Nov 6,2019 / News / Legal Brief

By Robyn Armstrong, Senior Associate

Reviewed by Ernest Mazansky, Director

On 1 October 2001, the rate of donations tax levied on donations made by residents dropped from 25% to 20% and remained as such for almost 16 years.

With effect from 1 March 2018, a dual rate of donations tax was introduced. Donations tax is now levied at a rate of either 20% or 25%, based on the cumulative value of property donated by the donor. This dual rate was introduced to align with the progressive rate introduced for estate duty, as recommended by the Davis Tax Committee.

Since 1 March 2018, section 64(1)(a) of the Income Tax Act, 1962 provides that the rate is:

  • 20% of the value of donations made up to a total value of R30 million; and
  • 25% thereafter.

The provision gives no indication over what period the value of donations must be aggregated to arrive at the R30 million threshold. A prudent taxpayer may, therefore, aggregate the value of all donations made over his or her entire life. Further, it appears to apply to the value of all donations made, regardless of whether exempt from donations tax or not (e.g. donations between spouses or charitable donations).

SARS has taken heed of the call for clarity and published a draft Binding General Ruling for public comment. A Binding General Ruling is not legislation, but rather an explanation of how SARS will interpret a provision in the legislation when assessing a taxpayer. However, it does bind SARS legally to treat the taxpayer in that manner, but it does not bind the taxpayer.

The draft ruling acknowledges that if a taxpayer is required to aggregate the value of all donations made during his or her entire life, the amendment would be retrospective and that there is a general presumption against amendments having retrospective effect. As there is no indication that the amendment should apply retrospectively, the draft ruling states that only donations made after 1 March 2018 should be taken into consideration when calculating the R30 million threshold.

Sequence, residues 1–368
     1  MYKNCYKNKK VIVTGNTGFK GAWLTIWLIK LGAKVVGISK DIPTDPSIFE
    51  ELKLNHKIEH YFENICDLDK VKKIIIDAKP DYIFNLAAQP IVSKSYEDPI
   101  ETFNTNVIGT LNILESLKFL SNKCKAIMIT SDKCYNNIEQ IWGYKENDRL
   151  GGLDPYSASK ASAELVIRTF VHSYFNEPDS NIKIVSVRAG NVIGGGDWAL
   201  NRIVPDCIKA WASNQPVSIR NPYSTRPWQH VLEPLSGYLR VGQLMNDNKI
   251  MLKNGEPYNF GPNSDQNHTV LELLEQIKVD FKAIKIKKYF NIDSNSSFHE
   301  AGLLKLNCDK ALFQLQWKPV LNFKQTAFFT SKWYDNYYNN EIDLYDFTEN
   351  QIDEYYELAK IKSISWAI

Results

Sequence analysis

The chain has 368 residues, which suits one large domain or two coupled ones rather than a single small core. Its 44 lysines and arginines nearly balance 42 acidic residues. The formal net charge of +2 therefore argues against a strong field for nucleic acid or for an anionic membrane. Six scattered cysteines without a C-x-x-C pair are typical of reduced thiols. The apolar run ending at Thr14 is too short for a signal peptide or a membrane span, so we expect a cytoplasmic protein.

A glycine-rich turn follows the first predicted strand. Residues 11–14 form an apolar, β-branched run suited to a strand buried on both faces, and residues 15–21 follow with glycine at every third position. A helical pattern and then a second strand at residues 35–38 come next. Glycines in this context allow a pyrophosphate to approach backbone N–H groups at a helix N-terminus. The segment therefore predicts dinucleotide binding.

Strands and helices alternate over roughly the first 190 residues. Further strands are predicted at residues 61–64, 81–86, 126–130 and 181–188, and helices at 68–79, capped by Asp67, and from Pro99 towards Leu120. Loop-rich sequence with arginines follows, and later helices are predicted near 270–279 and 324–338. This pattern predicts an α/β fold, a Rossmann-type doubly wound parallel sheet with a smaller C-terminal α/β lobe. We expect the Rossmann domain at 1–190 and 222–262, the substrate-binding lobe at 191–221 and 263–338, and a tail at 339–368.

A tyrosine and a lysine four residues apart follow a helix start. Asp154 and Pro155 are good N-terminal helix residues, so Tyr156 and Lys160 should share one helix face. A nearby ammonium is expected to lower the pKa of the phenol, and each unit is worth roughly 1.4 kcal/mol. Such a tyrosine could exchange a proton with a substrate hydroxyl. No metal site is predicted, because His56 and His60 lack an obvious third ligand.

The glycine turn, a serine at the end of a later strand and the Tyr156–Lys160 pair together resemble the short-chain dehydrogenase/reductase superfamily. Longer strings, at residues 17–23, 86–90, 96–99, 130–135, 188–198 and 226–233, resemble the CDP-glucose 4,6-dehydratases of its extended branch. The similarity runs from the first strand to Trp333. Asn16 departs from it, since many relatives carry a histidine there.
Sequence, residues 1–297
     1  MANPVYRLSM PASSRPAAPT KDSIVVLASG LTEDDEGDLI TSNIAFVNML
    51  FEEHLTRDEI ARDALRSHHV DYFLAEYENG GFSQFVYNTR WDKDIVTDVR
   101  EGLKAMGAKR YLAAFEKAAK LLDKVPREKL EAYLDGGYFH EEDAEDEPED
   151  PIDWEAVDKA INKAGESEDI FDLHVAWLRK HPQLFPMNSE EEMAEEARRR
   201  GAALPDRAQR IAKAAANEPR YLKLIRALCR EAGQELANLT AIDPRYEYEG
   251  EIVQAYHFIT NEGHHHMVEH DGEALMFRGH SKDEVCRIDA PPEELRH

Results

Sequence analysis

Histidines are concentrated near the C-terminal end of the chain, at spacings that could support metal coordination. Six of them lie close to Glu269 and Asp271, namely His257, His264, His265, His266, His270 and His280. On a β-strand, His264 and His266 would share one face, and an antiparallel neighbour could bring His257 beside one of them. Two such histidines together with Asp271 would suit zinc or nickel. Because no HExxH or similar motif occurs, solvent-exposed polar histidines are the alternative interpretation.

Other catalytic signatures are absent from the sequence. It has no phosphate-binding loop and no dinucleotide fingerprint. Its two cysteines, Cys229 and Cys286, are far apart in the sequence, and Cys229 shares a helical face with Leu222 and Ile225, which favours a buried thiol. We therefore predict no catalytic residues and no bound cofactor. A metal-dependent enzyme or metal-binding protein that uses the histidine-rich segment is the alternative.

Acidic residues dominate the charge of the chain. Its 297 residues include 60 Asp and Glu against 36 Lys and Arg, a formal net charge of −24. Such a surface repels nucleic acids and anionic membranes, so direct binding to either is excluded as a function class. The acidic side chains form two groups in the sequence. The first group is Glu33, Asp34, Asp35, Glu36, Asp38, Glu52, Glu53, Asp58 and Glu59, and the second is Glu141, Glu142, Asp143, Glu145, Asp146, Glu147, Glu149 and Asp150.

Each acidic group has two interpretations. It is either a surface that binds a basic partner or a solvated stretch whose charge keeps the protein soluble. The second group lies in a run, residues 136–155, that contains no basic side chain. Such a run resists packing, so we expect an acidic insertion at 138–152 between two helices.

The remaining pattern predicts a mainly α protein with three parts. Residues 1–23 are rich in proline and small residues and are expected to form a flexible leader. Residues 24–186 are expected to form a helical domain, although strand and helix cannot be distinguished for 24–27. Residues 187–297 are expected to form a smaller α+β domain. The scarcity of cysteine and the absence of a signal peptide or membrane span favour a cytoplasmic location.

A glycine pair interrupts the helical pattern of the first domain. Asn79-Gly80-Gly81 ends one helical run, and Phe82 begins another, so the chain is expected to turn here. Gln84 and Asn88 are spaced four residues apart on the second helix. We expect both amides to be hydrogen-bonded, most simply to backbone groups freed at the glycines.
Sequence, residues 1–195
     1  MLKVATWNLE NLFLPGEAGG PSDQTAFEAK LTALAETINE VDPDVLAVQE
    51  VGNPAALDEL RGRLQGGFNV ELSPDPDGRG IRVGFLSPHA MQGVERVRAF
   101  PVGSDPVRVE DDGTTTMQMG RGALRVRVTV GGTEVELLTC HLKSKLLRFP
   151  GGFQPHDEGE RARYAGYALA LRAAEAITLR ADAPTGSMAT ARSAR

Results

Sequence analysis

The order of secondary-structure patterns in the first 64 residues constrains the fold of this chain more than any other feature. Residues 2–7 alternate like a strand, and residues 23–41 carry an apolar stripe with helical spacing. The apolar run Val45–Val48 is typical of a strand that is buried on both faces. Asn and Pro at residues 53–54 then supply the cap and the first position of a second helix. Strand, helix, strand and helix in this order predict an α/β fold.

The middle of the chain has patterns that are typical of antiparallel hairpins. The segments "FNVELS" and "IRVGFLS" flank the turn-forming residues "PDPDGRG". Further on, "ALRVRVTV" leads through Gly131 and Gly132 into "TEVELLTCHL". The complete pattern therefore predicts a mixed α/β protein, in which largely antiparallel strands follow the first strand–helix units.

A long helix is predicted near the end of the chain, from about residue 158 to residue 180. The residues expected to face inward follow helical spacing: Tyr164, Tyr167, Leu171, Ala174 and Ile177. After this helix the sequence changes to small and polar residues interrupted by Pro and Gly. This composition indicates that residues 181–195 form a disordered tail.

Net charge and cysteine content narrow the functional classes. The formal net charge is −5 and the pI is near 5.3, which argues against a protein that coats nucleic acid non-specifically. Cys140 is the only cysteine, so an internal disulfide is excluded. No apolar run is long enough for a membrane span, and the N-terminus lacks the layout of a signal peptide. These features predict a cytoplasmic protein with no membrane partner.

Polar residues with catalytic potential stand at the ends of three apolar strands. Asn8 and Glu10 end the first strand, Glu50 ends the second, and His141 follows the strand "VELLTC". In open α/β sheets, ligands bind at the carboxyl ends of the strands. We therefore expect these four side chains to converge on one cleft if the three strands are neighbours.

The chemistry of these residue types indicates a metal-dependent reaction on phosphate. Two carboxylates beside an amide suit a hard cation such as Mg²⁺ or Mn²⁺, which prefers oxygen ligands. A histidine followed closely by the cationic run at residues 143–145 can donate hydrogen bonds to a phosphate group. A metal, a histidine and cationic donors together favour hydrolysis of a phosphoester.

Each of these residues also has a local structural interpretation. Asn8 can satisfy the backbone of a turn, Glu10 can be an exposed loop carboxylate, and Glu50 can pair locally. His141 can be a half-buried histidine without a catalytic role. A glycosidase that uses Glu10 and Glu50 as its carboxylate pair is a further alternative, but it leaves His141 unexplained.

When considering the value of the donations that must be aggregated from 1 March 2018, the draft ruling also states that the value of donations that were exempt from donations tax must not be included.

The result is, in our view, a sensible and practical approach to the interpretation of the new section 64(1)(a) of the Act: the donations tax rate increases to 25% on all future donations, once the cumulative value of all donations made after 1 March 2018 that were not exempt from donations tax reaches R30 million.

As mentioned above, this is in line with the amendment to the estate duty rate, which increases from 20% to 25% on the value of the deceased’s estate that exceeds R30 million. There is, therefore, no tax saving if residents donate property in order to reduce the value of their estates.

While a Binding General Ruling is not legislation, section 82 of the Tax Administration Act, 2011 stipulates that SARS must interpret a tax Act in accordance with a Binding General Ruling and that a Binding General Ruling may be cited by a taxpayer or SARS in any proceedings, including court.

Until the draft ruling is published in final form, it cannot be conclusively relied upon. The closing date for comments on the draft is 30 November 2019 and hopefully the final ruling will be issued shortly thereafter in final form without any material changes.